When I first heard that Rhode Island Governor Lincoln Chafee cited church-state separation when vetoing a bill for Choose Life license plates, I rolled my eyes. Great, I thought, another politician who thinks "pro-life" and "religious" are synonyms. But when I looked into it further, I changed my mind.
Part of my confusion stemmed from the fact that I am from Florida, where funds from Choose Life plates go to Choose Life Florida, which then distributes the funds to qualified "pregnancy resource centers, maternity homes, or non-profit adoption agencies" within the state. According to Choose Life Florida, over 250 agencies qualify. Other states give to adoption programs only, give to a non-sectarian Right to Life group, or follow the Florida model.
But as it turns out, the Rhode Island legislation would have done something entirely different: the sole charity to receive funds from the Rhode Island Choose Life plates was Care Net, a Christian pregnancy resource center.
Faith-based charities can do some great things, no question. And I have nothing personal against Care Net. But singling out a religious charity for license plate fundraising help, when there are secular charities available to accomplish the same or similar goals, does indeed pose a church-state separation problem.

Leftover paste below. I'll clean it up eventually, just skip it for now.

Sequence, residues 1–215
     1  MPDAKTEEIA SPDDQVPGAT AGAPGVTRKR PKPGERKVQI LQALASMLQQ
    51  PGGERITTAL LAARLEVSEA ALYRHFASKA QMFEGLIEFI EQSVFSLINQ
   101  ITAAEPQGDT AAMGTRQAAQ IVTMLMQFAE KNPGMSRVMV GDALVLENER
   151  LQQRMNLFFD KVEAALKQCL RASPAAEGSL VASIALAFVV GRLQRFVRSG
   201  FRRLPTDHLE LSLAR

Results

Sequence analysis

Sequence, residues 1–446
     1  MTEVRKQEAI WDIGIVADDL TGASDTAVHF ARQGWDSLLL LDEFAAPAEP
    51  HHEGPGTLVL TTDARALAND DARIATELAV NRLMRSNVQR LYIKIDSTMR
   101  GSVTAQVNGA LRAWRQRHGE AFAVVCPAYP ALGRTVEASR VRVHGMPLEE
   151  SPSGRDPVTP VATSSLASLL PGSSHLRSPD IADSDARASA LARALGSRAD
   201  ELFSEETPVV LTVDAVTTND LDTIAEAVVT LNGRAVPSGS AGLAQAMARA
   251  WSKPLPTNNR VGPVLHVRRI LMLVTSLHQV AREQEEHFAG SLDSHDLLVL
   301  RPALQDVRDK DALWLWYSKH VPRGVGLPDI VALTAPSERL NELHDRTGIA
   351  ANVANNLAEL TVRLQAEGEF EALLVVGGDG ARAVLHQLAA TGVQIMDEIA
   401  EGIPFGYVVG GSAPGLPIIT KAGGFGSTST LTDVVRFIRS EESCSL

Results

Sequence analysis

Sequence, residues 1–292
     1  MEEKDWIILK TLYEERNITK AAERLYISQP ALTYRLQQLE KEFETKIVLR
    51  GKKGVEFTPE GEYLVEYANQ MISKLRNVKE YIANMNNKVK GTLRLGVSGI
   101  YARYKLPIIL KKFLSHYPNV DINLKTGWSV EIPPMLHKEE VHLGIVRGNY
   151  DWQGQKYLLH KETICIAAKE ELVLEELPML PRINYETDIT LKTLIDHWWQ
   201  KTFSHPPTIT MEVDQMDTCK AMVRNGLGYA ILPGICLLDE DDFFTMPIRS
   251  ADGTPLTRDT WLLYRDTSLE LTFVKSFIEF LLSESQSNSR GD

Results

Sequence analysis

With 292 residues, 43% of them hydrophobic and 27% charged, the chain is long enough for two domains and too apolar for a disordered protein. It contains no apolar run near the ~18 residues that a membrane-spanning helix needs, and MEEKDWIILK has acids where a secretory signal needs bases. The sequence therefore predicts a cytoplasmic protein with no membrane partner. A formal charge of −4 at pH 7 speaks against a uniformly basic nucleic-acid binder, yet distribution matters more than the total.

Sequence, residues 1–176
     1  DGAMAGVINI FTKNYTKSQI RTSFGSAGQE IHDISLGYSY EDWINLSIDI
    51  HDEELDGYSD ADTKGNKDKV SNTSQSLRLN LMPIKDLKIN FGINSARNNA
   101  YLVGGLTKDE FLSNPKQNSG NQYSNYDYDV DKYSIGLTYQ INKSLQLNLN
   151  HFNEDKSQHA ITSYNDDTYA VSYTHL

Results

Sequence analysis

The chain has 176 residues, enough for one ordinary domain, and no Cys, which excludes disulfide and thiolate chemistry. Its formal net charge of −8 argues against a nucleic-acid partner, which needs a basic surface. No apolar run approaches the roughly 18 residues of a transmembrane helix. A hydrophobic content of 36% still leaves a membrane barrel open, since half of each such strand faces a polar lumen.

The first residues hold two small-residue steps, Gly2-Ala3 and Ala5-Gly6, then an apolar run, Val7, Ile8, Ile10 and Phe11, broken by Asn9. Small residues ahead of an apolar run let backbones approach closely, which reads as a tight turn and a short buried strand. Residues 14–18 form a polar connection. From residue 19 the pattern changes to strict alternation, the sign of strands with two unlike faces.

Right to Life of Rhode Island says that Governor Chafee is "hiding behind the separation of church and state." Perhaps he is. Perhaps he really just doesn't want his abortion industry donors to have too much competition from pro-life charities. Perhaps he is de facto opposed to choices other than abortion.
But the only way to know is to pass legislation that funds pregnancy support services broadly. Pro-life advocates in Rhode Island should try again, this time with a bill that distributes funds to qualifying charities without regard to religion.